Again, it is possible, at the end of life, to be willing to go as satisfied.

Most men cling to life in grim desperation, like a climber to a cliff giving way, or a drowning man clutching at any straw. How beautiful the contrast of the placid, tranquil acquiescence expressed in that phrase of our text! No doubt there will always be the shrinking of the bodily nature from death. But that may be overcome. There is no passion so weak but in some case it has ‘mated and mastered the fear of death,’ and it is possible for us all to come to that temper in which we shall be ready for either fortune, to live and serve Him here, or to die and enjoy Him yonder. Or, to return to an earlier illustration, it is possible to be like a man sitting at table, who has had his meal, and is quite contented to stay on there, restful and cheerful, but is not unwilling to put back his chair, to get up and to go away, thanking the Giver for what he has received.

Ah! that is the way to face the end, dear brethren, and how is it to be done? Such a temper need not be the exclusive possession of the old. It may belong to us at all stages of life. How is it won? By a life of devout communion with God. The secret of it lies in obeying the commandment and realising the truth which Abraham realised and obeyed: ‘I am the Almighty God, walk before Me, and be thou perfect.’ ‘Fear not, Abram, I am thy shield and thine exceeding great reward.’ That is to say, a simple communion with God, realising His presence and feeling that He is near, will sweeten disappointment, will draw from it its hidden blessedness, will make us victors over its pains and its woes. Such a faith will make it possible to look back and see only blessing; to look forward and see a great light of hope burning in the darkness. Such a faith will check weariness, avert satiety, promote satisfaction, and will help us to feel that life and the great hereafter are but the outer and inner mansions of the Father’s house, and death the short though dark corridor between. So we shall be ready for life or for death.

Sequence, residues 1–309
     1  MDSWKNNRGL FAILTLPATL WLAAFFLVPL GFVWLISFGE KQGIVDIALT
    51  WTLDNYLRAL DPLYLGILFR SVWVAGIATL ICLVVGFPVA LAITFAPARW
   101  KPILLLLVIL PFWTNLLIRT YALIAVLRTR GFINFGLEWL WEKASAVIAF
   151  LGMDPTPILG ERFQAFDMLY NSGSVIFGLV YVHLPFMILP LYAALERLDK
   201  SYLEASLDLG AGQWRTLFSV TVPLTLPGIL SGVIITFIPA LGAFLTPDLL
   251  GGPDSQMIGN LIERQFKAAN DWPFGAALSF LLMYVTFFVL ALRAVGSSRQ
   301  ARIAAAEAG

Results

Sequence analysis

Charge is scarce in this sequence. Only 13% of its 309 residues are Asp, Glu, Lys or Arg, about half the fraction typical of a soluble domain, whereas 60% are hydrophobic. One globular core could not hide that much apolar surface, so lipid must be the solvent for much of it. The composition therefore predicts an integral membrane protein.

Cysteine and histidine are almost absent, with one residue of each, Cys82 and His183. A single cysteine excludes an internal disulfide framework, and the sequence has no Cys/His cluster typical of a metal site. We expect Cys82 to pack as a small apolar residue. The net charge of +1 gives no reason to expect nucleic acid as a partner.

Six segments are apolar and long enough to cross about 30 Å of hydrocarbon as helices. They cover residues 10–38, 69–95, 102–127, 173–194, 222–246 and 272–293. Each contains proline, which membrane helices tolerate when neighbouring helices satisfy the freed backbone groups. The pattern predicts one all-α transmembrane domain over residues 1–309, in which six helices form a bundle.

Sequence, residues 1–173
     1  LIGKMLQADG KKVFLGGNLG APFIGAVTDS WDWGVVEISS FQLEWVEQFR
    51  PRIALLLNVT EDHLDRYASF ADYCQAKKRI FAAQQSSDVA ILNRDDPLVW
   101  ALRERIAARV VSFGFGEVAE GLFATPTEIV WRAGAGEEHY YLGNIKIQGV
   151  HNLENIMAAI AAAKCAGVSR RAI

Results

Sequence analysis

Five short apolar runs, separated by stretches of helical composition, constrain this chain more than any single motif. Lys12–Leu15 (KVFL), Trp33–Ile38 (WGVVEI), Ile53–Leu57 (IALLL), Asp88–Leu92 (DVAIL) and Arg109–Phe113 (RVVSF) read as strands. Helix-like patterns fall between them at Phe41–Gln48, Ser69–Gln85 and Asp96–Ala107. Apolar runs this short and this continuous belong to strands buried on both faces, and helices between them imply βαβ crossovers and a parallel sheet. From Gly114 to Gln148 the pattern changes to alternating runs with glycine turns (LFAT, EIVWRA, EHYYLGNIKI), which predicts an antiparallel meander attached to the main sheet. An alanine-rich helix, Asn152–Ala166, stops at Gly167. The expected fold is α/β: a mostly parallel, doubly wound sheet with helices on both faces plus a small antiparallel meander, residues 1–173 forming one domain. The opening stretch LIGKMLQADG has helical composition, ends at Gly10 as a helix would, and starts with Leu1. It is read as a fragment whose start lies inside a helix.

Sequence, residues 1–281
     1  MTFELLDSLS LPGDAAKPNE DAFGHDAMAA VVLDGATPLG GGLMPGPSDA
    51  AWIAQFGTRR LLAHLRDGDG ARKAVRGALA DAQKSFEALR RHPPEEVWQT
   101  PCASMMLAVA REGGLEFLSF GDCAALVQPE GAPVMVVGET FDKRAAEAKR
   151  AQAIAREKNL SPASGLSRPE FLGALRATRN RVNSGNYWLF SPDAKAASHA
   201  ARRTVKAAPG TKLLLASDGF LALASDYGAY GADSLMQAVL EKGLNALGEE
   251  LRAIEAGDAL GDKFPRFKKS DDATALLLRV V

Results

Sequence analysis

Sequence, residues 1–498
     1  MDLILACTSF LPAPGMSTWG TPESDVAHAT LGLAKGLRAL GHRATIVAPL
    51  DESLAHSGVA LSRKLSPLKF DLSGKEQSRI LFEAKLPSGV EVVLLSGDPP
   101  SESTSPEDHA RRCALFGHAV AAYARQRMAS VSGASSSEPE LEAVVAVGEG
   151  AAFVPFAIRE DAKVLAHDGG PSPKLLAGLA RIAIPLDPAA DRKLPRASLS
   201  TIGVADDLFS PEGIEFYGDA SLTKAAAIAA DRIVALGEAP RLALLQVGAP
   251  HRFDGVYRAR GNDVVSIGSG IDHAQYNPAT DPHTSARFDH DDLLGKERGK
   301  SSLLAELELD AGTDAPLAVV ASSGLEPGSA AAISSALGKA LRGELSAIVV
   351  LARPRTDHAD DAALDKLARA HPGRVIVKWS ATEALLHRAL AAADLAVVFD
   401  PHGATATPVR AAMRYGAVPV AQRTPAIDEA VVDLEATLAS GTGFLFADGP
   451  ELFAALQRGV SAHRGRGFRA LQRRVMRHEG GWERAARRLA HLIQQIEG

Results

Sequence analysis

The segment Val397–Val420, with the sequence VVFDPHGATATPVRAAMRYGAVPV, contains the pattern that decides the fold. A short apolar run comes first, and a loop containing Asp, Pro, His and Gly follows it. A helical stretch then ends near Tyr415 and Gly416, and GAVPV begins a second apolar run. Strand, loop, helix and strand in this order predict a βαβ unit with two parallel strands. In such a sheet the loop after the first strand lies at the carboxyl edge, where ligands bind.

2. Now I must turn to consider more briefly the glimpse of the joyful society beyond, which is given us in that other remarkable expression of our text: ‘He was gathered to his people’

That phrase is only used in the earlier Old Testament books, and there only in reference to a few persons. It is used of Abraham, Ishmael, Isaac, Jacob, Moses, and Aaron, and once Jdg_2:10 of a whole generation. If you will weigh the words, I think you will see that there is in them a dim intimation of something beyond this present life.